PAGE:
White House adviser Jared KushnerJared Corey KushnerHillicon Valley — Presented by LookingGlass — Hackers are making big money Kushner associate pardoned by Trump in plea discussions over cyberstalking charges Biden has an opportunity to put his own stamp on Arab-Israeli relations MORE said Sunday that he is not concerned about his young children returning to school during the ongoing coronavirus pandemic.
Asked by CBS’s Margaret Brennan on "Face the Nation" whether he was sending his own children back to in-person classes, Kushner, who is President TrumpDonald TrumpRobert Gates says 'extreme polarization' is the greatest threat to US democracy Cassidy says he won't vote for Trump if he runs in 2024 Schiff says holding Bannon in criminal contempt 'a way of getting people's attention' MORE's son-in-law, responded, "Absolutely."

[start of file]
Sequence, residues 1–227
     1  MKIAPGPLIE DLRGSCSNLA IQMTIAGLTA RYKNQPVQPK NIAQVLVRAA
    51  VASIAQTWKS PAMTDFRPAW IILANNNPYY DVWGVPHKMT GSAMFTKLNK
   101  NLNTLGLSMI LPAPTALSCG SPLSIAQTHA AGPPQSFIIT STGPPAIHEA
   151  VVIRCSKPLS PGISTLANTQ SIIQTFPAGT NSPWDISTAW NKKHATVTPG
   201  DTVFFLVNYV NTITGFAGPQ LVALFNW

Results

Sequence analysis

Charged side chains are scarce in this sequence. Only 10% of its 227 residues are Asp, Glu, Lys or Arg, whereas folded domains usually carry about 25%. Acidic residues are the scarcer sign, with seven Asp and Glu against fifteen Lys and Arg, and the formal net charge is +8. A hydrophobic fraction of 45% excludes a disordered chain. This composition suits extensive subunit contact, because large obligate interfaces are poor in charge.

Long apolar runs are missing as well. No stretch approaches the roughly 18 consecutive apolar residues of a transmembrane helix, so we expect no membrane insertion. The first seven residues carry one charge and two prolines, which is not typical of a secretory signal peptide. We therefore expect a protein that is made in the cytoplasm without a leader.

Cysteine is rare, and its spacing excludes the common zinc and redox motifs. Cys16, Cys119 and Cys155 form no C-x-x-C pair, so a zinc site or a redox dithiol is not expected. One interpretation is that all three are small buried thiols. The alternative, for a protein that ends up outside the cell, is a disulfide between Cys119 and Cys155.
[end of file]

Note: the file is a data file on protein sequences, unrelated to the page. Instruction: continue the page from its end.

And when Brennan asked whether he is concerned about their potential exposure to the virus, Kushner said, “No, because children have a six times higher chance to die from the flu than from the coronavirus, so based on the data I’ve seen, I don’t believe that’s a risk.”
“This virus impacts different people at different rates,” he added. “Our school’s not opening back up five days a week. I wish they would, but we absolutely will be sending our kids back to school, and I have no fear in doing so.”
Kushner also defended the Trump administration's "aggressive" response to the pandemic even as daily deaths reached 1,500, comparable to May mortality rates. "Most importantly, the president's really advanced the use of a lot of therapeutics, which is bringing the case fatality rate down better," he added.
Brennan also pressed Kushner on whether he was concerned that the president's frequent condemnation of mail-in voting would depress the vote among many of the people most vulnerable to the virus who were part of the Trump campaign’s 2016 victory margin.
“I think what President Trump wants is a fair election. You can’t have a new system being tried where there’s not the right time to do it and then expect them to get it right and expect Americans to have confidence in the elections,” Kushner said. He added that the campaign was unconcerned about affecting turnout for the president, saying, “We have a great operation. We’re very confident. We’re in much better shape now than we were in 2016.”